Modelling of shear sensitive cells in stirred tank reactor using computational fluid dynamics
Thesis DisciplineChemical Engineering
Degree GrantorUniversity of Canterbury
Degree NameMaster of Engineering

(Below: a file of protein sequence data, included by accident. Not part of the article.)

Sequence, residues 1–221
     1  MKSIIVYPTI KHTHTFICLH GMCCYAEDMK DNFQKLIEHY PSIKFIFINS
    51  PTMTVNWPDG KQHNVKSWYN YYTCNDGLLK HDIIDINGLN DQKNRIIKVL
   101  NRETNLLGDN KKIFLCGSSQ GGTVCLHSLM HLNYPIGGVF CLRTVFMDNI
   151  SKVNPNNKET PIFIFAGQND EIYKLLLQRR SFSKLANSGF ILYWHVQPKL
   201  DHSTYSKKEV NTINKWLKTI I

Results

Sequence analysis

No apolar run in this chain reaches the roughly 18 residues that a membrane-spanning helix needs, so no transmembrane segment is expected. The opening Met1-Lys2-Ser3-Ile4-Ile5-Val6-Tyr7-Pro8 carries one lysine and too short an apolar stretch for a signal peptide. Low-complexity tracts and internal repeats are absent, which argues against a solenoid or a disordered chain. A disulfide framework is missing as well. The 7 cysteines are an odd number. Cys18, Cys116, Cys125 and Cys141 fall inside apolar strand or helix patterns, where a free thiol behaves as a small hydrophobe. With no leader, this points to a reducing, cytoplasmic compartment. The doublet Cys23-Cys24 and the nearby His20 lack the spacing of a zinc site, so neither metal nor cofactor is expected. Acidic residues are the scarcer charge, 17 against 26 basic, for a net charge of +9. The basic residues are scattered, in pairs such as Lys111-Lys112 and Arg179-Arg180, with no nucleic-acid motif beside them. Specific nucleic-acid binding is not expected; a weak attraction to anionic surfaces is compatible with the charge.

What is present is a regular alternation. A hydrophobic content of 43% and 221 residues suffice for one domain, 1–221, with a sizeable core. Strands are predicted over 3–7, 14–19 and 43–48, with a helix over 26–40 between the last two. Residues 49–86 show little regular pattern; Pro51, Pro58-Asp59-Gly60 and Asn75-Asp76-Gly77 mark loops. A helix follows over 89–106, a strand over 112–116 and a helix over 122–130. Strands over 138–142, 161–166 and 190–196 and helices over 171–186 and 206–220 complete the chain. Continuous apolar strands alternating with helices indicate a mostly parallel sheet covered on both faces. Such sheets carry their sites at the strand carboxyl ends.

Animal cells are often cultured in stirred tank reactors. Having no cell wall, these animal cells are very sensitive to the fluid mechanical stresses that result from agitation by the impeller and from the rising and bursting of bubbles, which are generated within the culture medium in the stirred tank to supply oxygen by mass transfer to the cells. If excessive, these fluid mechanical stresses can result in damage/death of animal cells. Stress due to the rising and bursting of bubbles can be avoided by using a gas-permeable membrane, in the form of a long coiled tube (with air passing through it) within the stirred tank, instead of air-bubbles to oxygenate the culture medium. Fluid mechanical stress due to impeller agitation can be controlled using appropriate impeller rotational speeds. The aim of this study was to lay the foundations for future work in which a correlation would be developed between cell damage/death and the fluid mechanical stresses that result from impeller agitation and bubbling. Such a correlation could be used to design stirred-tank reactors at any scale and to determine appropriate operating conditions that minimise cell damage/death due to fluid mechanical stresses. Firstly, a validated CFD model of a baffled tank stirred with a Rushton turbine was developed to allow fluid mechanical stresses due to impeller agitation to be estimated. In these simulations, special attention was paid to the turbulence energy dissipation rate, which has been closely linked to cell damage/death in the literature. Different turbulence models, including the k-ε, SST, SSG-RSM and the SAS-SST models, were investigated. All the turbulence models tested predicted the mean axial and tangential velocities reasonably well, but under-predicted the decay of mean radial velocity away from the impeller. The k-ε model predicted poorly the generation and dissipation of turbulence in the vicinity of the impeller. This contrasts with the SST model, which properly predicted the appearance of maxima in the turbulence kinetic energy and turbulence energy dissipation rate just off the impeller blades. Curvature correction improved the SST model by allowing a more accurate prediction of the magnitude and location of these maxima. However, neither the k-ε nor the SST models were able to properly capture the chaotic and three-dimensional nature of the trailing vortices that form downstream of the blades of the impeller. In this sense, the SAS-SST model produced more physical predictions. However,this model has some drawbacks for modelling stirred tanks, such as the large number of modelled revolutions required to obtain good statistical averaging for calculating turbulence quantities. Taking into consideration both accuracy and solution time, the SSG-RSM model was the least satisfactory model tested for predicting turbulent flow in a baffled stirred tank with a Rushton turbine. In the second part of the work, experiments to determine suitable oxygen transfer rates for culturing cells were carried out in a stirred tank oxygenated using either a sparger to bubble air through the culture medium or a gas-permeable membrane. Results showed that the oxygen transfer rates for both methods of oxygenation were always above the minimum oxygen requirements for culturing animal cells commonly produced in industry, although the oxygen transfer rate for air-bubbling was at-least 10 times higher compared with using a gas-permeable membrane. These results pave the way for future experiments, in which animal cells would be cultured in the stirred tank using bubbling and (separately) a gas-permeable membrane for oxygenation so that the effect of rising and bursting bubbles on cell damage/death rates can be quantified. The effect of impeller agitation on cell damage/death would be quantified by using the gas permeable membrane for oxygenation (to remove the detrimental effects of bubbling), and changing the impeller speed to observe the effect of agitation intensity. In the third and final part of this work, the turbulent flow in the stirred tank used in the oxygenation experiments was simulated using CFD. The SST turbulence model with curvature correction was used in these simulations, since it was found to be the most accurate model for predicting turbulence energy dissipation rate in a stirred tank. The predicted local maximum turbulence energy dissipation rate of 8.9x10¹ m2/s3 at a rotational speed of 900 rpm was found to be substantially less than the value of 1.98x10⁵ m2/s3 quoted in the literature as a critical value above which cell damage/death becomes significant. However, the critical value for the turbulence energy dissipation rate quoted in the literature was determined in a single-pass flow device, whereas animal cells in a stirred tank experience frequent exposure to high turbulence energy dissipation rates (in the vicinity of the impeller) due to circulation within the stirred tank and long culture times. Future cell-culturing experiments carried out in the stirred tank of this work would aim to determine a more appropriate critical value for the turbulence energy dissipation rate in a stirred tank, above which cell damage/death becomes a problem.